by Patience Griswold, US Government and Public Speaking
This year, the Logic and Rhetoric students at Veritas are practicing giving impromptu speeches in front of their peers every week. In a traditional competitive or academic speech setting, an impromptu speaker is given the topic for their speech two minutes before presenting. Speakers are then expected to give a speech that is roughly five minutes in length. This is partially for the sake of developing their ability to speak in front of people at a moment’s notice, but it is also much more than that. Impromptu speaking is about learning to quickly organize one’s thoughts and present a defensible position, thus equipping students with important life skills. My goal for my students as they practice impromptu speaking is that they will grow in the following areas.
Decision Making and Organization
A lot of decision making happens when preparing an impromptu speech. Say the topic you are given is “ruler.” Ruler is a word that can take more than one meaning. It can refer to a measuring stick, or the sovereign of a nation. Which one will you focus on in your speech? Once you’ve decided how you’re going to use the word, you have to come up with two or three points about that word. You can talk about what makes a good ruler, different kinds of rulers, or what you would do if you were a ruler. As you choose your points, you’ll have decide how to narrow down your topic because more isn’t always better. Next you have to decide how you want to illustrate those points—are there stories you can use? Maybe rulers you’ve studied? Do you have an interesting introduction? Finally, you have to decide how to organize your ideas by identifying how they relate to one another. An impromptu speech has to be more than just an unrelated string of stories—the stories must center a unifying theme in a way that grows the audience’s understanding of the assigned topic.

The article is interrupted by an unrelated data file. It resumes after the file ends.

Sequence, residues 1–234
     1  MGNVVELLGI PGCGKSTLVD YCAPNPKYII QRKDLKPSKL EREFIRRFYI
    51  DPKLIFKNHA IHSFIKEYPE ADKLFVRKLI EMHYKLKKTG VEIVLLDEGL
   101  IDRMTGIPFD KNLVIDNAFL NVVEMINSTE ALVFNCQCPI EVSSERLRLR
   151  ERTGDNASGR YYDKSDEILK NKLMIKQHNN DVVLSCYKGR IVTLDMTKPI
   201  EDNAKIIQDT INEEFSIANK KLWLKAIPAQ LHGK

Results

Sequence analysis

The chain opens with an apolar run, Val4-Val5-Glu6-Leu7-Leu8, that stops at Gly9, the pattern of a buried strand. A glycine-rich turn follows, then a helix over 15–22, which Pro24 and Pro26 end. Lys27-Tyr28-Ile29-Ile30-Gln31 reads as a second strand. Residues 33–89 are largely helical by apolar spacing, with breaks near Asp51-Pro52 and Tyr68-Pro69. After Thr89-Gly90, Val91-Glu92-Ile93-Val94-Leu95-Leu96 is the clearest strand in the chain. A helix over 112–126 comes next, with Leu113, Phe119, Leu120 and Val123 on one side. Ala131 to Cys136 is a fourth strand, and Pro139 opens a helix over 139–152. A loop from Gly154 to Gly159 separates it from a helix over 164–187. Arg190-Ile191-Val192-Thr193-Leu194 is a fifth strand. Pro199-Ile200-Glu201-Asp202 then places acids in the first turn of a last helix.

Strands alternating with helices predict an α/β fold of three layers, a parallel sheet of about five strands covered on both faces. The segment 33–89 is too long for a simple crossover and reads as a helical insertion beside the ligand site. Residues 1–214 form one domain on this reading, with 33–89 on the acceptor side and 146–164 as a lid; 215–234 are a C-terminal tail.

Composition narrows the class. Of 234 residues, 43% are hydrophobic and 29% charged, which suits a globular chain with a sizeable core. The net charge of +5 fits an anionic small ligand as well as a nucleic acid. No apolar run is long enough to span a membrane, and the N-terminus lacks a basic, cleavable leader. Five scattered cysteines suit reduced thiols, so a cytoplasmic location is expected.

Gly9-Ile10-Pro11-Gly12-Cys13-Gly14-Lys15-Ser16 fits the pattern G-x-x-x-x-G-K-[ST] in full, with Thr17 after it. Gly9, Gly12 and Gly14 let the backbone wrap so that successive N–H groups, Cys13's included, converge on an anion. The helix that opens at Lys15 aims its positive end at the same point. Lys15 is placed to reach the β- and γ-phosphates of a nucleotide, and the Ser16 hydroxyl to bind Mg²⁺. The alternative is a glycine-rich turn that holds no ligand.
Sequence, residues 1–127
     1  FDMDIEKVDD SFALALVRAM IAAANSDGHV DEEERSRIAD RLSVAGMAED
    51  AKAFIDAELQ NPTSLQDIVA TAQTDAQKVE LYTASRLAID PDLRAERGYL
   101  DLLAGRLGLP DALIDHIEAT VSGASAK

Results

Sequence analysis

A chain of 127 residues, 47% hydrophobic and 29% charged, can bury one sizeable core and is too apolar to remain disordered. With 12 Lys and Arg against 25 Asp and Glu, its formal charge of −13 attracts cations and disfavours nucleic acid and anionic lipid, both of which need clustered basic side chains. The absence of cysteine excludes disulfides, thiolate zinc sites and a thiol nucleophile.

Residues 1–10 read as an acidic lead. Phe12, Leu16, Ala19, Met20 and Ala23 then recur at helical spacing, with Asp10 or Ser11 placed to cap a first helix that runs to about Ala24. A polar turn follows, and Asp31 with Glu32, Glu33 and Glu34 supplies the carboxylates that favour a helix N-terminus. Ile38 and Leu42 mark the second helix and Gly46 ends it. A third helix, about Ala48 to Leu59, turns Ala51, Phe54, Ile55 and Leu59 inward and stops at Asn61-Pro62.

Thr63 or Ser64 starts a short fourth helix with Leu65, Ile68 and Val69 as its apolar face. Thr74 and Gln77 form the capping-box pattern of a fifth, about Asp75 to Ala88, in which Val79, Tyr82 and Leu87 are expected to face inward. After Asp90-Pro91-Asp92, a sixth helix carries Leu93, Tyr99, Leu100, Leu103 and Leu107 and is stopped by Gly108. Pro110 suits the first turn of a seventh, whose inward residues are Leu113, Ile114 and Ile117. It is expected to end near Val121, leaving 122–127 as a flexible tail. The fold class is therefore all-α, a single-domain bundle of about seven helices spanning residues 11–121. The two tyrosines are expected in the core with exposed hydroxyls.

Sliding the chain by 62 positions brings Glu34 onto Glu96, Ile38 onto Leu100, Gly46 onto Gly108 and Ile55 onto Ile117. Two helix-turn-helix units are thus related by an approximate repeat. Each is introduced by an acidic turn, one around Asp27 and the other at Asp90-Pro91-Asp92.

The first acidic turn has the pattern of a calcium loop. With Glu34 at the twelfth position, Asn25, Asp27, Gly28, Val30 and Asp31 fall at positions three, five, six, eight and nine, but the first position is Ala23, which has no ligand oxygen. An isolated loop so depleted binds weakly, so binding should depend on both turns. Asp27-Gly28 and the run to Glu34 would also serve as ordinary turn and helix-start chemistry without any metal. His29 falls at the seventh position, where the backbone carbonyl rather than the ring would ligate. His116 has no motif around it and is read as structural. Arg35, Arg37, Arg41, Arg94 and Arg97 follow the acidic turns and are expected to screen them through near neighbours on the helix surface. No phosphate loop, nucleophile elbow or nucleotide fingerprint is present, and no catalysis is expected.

The Ability to Present Ideas Engagingly
Impromptu speeches often rely heavily on stories and illustrations. This is due in part to the nature of impromptu speaking. A good speaker knows his material. With very little prep time, an impromptu speaker is unlikely to be an expert on his topic, but he can (and should) know his illustrations well and be able to relate them to his topic in a way that enlightens and entertains his audience. Learning to present ideas engagingly not only gives the speaker a competitive edge, but it also equips him with a life skill that can be used in other areas of life.
Learning to Think Before Speaking
Real life doesn’t come with prep time, at least, not in neatly organized two-minute increments. So how is impromptu a useful life skill? Practicing impromptu speaking with prep time and time limits trains students to think before they speak and carefully weigh their words while presenting. When your words matter, either for the sake of your grades or for competition, and you have very little time to plan them, choosing your words carefully and thinking well before you speak become very important. For many students, the somewhat daunting prospect of giving a speech in front of their peers with very little time to prepare pushes them to realize the importance of choosing their words wisely. This is a realization that students (ideally) carry with them out of the classroom. Outside of the Abraham Lincoln Conference Room, their words may not affect their grades, but the realization that words have weight may affect the rest of their lives.